In contrast, Robert E. Howard's vision of magic is sufficiently influenced by the Cthulhu mythos to become both darker and more rich than standard high fantasy, suggesting an analogous inspirational power for horror to influence magic systems in games. Lovecraft and Robert E. Howard corresponded extensively because of their mutual tendency to publish in Weird Tales. Magic in Howard's stories has a distinctly Lovecraftian eldritch quality, merged with a fascination with Egyptology to produce a vision of sorcery as evil and founded upon dangerous ties with demons. It is this vision of magic that works its way into the black decks of Magic: The Gathering, with their Demonic Tutors who convey knowledge at a price and the Overeager Apprentices whose presumption ends with splatters of their own blood on the walls.

overeagerapprentice.jpgThe magic system in Age of Conan literalizes the analogy between game genre and game fiction through a magic system that is dark and deep in both mechanics and atmosphere. As explained in an interview and confirmed on the Age of Conan site, magic in this MMO is:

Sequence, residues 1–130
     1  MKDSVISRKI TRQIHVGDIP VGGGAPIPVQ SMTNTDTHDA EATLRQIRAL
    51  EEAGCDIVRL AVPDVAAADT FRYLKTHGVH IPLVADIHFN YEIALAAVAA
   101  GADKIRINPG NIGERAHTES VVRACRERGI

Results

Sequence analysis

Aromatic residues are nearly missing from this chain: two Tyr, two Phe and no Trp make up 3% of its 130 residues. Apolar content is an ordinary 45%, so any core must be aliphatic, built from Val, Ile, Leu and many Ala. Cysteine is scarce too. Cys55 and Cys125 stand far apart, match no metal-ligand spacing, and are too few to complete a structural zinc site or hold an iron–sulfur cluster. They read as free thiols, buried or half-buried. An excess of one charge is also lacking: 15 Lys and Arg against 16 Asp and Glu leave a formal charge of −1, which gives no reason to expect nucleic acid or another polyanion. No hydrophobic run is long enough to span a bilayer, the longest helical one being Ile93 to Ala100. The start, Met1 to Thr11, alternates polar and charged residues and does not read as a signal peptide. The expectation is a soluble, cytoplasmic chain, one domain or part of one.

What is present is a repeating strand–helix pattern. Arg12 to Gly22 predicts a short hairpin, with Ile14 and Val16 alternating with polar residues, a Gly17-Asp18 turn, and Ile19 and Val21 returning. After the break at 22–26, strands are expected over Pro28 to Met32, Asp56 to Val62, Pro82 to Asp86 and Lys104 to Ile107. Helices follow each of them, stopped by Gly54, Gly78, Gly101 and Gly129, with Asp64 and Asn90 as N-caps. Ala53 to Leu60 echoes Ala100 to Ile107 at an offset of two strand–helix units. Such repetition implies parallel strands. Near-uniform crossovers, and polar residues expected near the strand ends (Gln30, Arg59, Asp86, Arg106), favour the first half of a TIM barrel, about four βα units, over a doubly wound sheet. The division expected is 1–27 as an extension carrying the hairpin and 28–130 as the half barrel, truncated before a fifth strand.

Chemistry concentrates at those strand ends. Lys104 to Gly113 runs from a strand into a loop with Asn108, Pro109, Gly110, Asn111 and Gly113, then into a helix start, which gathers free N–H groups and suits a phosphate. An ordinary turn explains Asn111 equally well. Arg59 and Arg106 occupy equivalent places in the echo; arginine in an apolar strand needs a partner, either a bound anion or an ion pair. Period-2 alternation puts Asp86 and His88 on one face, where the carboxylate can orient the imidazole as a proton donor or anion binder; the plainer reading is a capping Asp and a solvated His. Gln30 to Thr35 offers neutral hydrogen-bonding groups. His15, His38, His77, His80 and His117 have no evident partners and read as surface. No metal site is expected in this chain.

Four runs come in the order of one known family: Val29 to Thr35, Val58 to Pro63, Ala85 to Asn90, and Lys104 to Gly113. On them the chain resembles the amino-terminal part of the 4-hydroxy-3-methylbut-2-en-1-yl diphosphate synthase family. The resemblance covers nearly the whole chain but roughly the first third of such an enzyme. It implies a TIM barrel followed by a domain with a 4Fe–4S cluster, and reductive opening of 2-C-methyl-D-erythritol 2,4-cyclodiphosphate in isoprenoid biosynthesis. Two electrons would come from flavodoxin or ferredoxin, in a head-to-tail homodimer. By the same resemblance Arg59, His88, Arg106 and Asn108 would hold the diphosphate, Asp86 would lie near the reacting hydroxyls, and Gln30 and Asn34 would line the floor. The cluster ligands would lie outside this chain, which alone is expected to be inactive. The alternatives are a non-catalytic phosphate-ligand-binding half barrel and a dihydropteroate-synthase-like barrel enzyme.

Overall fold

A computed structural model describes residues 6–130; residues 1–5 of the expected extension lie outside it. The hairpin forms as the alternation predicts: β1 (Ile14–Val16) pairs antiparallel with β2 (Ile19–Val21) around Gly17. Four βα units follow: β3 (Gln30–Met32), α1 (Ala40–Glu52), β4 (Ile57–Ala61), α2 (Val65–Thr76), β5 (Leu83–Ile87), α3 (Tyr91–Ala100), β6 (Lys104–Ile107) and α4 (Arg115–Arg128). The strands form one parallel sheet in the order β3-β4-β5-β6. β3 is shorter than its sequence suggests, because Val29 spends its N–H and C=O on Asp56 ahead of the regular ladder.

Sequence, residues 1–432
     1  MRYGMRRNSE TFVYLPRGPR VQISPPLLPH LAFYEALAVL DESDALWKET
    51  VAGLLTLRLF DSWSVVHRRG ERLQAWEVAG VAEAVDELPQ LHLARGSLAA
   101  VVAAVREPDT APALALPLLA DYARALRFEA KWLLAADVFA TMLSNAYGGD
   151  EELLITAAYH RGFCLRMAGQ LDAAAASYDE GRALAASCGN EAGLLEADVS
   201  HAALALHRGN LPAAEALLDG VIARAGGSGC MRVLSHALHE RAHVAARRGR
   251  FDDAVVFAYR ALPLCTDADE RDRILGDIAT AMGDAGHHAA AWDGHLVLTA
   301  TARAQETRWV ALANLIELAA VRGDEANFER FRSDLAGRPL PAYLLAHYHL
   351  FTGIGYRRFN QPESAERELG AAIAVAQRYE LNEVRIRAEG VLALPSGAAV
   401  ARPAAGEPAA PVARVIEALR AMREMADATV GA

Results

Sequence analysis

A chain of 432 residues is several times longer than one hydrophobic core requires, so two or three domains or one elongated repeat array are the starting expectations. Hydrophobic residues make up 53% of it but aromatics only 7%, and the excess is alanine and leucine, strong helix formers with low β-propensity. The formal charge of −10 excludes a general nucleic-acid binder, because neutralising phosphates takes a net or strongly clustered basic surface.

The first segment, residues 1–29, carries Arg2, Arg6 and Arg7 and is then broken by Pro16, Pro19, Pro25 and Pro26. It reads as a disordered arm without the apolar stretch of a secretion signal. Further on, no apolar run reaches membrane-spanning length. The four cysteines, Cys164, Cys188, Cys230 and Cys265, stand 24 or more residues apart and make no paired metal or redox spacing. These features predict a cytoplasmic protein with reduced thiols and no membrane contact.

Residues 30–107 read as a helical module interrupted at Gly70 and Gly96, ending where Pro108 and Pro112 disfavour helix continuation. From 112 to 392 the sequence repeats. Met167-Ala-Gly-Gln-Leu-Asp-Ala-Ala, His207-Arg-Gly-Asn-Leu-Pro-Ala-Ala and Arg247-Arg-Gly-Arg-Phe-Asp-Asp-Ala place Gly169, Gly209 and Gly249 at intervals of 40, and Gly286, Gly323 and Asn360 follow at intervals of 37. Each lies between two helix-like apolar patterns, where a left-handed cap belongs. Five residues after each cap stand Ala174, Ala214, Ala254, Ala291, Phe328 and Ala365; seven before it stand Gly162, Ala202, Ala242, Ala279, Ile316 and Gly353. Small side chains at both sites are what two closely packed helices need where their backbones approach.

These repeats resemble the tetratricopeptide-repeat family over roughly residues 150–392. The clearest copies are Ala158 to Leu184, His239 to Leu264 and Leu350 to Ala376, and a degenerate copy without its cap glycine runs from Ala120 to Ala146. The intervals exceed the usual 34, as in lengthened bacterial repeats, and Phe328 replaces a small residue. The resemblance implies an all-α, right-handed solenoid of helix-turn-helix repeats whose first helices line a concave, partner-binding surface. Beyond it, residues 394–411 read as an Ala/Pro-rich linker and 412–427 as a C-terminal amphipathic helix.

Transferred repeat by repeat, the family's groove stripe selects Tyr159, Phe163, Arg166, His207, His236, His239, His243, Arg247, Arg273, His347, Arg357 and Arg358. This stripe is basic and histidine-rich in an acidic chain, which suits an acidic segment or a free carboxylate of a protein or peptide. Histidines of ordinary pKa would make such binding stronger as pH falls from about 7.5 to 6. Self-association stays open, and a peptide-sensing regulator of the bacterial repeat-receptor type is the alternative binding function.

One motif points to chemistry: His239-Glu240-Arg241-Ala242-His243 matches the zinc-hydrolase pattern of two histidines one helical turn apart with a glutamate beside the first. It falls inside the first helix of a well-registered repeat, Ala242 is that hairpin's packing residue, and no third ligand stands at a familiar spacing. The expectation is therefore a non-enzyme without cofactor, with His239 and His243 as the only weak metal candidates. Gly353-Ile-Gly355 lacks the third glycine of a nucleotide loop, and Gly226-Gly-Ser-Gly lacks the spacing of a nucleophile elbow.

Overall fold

1) Dark

2) Dangerous

3) Difficult

As Gaute Godager, the director of the game, explains:

we try to make the visual look and feel of magic in Conan different from what you have seen in other games and the more traditional fantasy settings. The clownlike, fireball-tossing magic users in pointy hats, with puffs and multicolored robes, are not part of the Hyborian universe. In Conan's age, magic is dangerous, hidden, and dark. Men who meddle with magic inevitably fall to its temptation and powers. Magic uses you as much as you use it.